Ants are known for their chewing and lifting powers, but few people know about their abilities to alter the gender of future nest members.
Can Ants Change Gender? Ants can change gender as the queen can fertilize the eggs to turn them into females, while unfertilized ones become males. Moreover, nourishment also plays a role, and queens suppress a few genes to decrease the nutrient absorption capacity and make them worker ants.
The fate of ants is usually determined at the egg stage by their mother, whether they get sperm to become a female or grow without fertilization.
Moreover, the females also have to make enough struggle to become a queen as they have to be born in the ideal season and with an expressive genome to receive more nutrients.
Do ants have different genders?
Ants’ colonies are pretty complex as they have hundreds of thousands of members with varying tasks to ensure their environmental sustainability.
You can find two different genders in a colony, including males and females, like every other higher animal. In addition, the colonies are divided into different castes according to their functionality.
A large group of female workers comprising almost 65% to 70% of the colony perform food collection tasks and feed the other non-foraging members.
They perform crucial tasks, but the death of a few workers cannot bring significant changes in the colony due to their major percentage, and they can be easily replaced with another one.
In contrast, queens are also female, but their designation differs slightly from workers as they are considered the colony’s royal members.
Only queens are the female colony members that can ensure the continuity of their population by mating with males and collecting sperm in spermathecal.
These can control the number of male and female insects in a nest population as she has the authority to fertilize eggs and make them female. The fate of unfertilized eggs is to become male.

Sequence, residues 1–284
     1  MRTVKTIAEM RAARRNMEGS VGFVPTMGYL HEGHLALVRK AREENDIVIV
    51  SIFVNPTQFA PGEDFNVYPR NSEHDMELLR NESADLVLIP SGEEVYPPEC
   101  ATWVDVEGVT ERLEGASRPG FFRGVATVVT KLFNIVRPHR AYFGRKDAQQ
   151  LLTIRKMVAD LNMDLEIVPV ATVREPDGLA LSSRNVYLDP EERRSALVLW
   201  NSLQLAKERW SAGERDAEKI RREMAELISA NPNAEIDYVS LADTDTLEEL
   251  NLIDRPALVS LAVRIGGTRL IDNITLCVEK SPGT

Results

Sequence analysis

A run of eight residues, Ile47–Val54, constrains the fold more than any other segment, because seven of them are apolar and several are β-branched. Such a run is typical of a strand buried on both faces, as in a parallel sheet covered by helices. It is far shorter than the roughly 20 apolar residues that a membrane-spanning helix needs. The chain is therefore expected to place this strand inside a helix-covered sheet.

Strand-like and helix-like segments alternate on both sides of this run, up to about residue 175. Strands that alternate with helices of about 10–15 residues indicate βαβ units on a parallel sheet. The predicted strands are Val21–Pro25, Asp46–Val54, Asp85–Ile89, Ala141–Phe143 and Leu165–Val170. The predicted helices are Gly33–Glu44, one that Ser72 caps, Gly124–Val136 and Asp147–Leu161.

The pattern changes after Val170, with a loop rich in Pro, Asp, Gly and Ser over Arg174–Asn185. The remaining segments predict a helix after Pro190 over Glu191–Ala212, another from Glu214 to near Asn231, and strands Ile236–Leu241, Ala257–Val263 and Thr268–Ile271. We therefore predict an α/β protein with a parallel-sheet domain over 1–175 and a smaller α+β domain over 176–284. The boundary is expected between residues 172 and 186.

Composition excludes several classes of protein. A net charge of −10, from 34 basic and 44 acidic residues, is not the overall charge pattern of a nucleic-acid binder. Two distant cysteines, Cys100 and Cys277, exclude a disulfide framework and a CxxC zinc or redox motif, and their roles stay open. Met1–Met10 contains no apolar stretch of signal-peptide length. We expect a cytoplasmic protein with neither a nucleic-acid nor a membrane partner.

However, the male members are present in a small proportion with a short lifespan as they survive until mating. Their only role in a colony is to transfer sperm to the queen.
Why do ants change gender?
Ants can bring changes in gender as they have the right to determine the fate of an egg. Different factors are responsible for making these insects change gender, like food availability.
Moreover, the seasonal factor also has a significant impact as queens begin to produce unfertilized eggs before the summer season because it is an ideal breeding time.
It is highly dependent on the needs of a colony; queens produce males at mating time and begin to introduce females when the season is not favorable to them.
She prefers to fertilize the eggs at the non-mating time because the colony needs more female workers to collect food and store it inside the nest.
These female workers perform tasks like nursing larvae, feeding the queen, and nourishing the princess, who will become a queen soon.
Furthermore, the queen and workers began to suppress the hormones in an egg to change its fate by changing their nourishment and nutrition.
The diet affects the fate of fertile females when they are at the larval or pupal stage, as a few get better diets than others. Those getting better nutrition develop correctly and become a princess.
So, it occurs for the sake of royalty as the queen and workers can make a few larvae turn into a princess or a future queen while the remaining turn into workers.
How do ants change gender?